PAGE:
The High Cost of Modern Slavery: Unsupportable Risk-Taking with Prison Labor

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Pine-Bluff

Pine Bluff, Arkansas / Paul Sableman

August 14, 2016; New York Times

Arkansas has the fastest growing prison population in the country, and Pine Bluff, Arkansas is one of the poorest cities in the country. With plenty of residential blight, Pine Bluff was open to getting help in removing abandoned homes, making them an easy sell for a project called the Mulligan Road program, housed in a nonprofit organized by corrections officials. The program’s plan was to employ inmates, parolees, and probationers in demolishing the homes…at slave wages and sans sufficient protective gear to protect them from the asbestos that officials presumed but did not confirm was present.

The Pine Bluff project was to involve 600 demolitions in just over two years on a budget of $830,000. Participants were supposed to receive training in construction and demolition work, along with life skills and so forth; be paid up to $1,000 for work over six months; be provided post-prison jobs; and be released early. The high cost of asbestos remediation was too expensive to deal with. Willful ignorance about its presence became a budget decision.

So they came up with a creative solution. A 2008 state guideline granted a bit of leeway for isolated demolitions, but state and federal memos warned explicitly that large projects conducted “in a piecemeal fashion” were not okay. This time, however, officials gave the programs a pass. That exempted the locals from doing asbestos surveys, and since they did not identify any, it was not handled safely. (In a “show of good faith,” the city occasionally dispatched a fire truck to wet the debris to control the dust.)

The outfits provided to the workers were randomly sourced from a local clothing drive. They were issued hard hats, gloves, safety glasses, and disposable dust masks to be reused day after day. If the program had not been exempted, proper protection would have required half-face, dual cartridge respirators (equipped with special HEPA filtered cartridges), special eyewear, disposable coveralls (ideally, two suits worn at the same time), disposable gloves, and rubber boots. And all that would be multiply redundant, as tools and safety equipment need to be decontaminated after each use.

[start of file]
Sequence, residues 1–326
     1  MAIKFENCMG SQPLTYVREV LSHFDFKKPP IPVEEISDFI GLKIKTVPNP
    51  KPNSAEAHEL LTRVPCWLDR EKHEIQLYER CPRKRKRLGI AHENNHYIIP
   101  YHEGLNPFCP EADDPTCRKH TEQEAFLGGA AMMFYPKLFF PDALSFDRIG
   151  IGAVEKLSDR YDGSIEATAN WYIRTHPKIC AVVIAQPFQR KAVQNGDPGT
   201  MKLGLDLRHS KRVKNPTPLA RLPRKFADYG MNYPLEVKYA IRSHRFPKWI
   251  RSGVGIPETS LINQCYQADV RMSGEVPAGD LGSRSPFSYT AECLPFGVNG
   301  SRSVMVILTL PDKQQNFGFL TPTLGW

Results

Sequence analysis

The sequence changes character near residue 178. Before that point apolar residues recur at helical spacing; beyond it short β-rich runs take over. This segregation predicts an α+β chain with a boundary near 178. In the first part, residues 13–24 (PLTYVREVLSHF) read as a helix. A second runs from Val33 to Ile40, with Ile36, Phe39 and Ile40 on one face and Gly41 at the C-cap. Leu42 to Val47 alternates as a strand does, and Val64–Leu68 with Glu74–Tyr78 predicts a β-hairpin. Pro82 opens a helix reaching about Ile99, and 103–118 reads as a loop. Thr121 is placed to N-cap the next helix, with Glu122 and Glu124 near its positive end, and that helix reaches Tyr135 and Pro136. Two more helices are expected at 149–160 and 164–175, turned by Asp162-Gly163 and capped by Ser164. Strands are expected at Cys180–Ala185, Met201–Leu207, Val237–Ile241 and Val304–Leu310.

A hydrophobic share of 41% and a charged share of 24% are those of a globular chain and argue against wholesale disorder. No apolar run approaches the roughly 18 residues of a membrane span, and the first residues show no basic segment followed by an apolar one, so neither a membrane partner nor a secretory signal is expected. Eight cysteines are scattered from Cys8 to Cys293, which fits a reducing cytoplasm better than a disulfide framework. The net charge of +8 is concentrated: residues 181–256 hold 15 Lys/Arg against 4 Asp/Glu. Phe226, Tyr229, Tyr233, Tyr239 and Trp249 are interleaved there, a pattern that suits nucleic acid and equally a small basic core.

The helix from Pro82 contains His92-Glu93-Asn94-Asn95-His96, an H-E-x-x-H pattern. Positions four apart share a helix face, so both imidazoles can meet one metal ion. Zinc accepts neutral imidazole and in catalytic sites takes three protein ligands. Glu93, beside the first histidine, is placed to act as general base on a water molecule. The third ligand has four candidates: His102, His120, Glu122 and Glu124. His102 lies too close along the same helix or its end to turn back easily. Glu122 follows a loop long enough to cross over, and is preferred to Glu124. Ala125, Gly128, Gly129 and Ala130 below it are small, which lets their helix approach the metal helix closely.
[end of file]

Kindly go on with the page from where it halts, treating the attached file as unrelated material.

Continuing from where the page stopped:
Some of the workers asked for respirators when the dust became so thick that it clogged the machinery, but the supervisor reminded workers they could always just go back to jail. The workers understood that a return would be considered a violation that would end in a longer sentence.

When a reporter began nosing around, the federal Environmental Protection Agency sent inspectors to the site. The EPA issued an immediate letter threatening penalties for a litany of health and safety violations. The project was shut down, but not in time to prevent what might have been the fatal inhalation of toxins by workers.

The director of Arkansas Community Correction says in a letter that the potentially deadly situation was not their fault since federal officials had “totally failed to communicate” the rules. By which, of course, they mean that the rules were sent to them but were “never mentioned” in subsequent conference calls with the EPA, even when state officials “continually asked” about regulatory compliance.

“The program has been very successful on many accounts for both the city as well as the inmates involved,” Kevin Murphy, the chief deputy director of Arkansas Community Correction and the director of Mulligan Road, wrote in an email.

EPA spokesman David Gray insists that state officials never informed the EPA about these issues, and of course the EPA “would not endorse any activity that violated federal law.” In fact, the inspections performed by the EPA found site supervisors unqualified and the health and safety measures either deficient or simply nonexistent.

Though the project wrapped early, for those who worked on it, measuring the long-lasting effects will be a waiting game. This whole scene reminds us of the Flint water situation, and we wonder to what extent local residents were put at risk.—Ruth McCambridge